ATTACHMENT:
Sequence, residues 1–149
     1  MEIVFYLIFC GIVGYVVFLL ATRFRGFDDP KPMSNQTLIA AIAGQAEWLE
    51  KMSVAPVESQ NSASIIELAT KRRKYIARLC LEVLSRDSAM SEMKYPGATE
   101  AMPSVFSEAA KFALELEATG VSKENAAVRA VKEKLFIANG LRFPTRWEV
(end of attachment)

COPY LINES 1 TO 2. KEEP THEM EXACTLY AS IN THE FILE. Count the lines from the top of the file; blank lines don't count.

Sequence, residues 1–149
     1  MEIVFYLIFC GIVGYVVFLL ATRFRGFDDP KPMSNQTLIA AIAGQAEWLE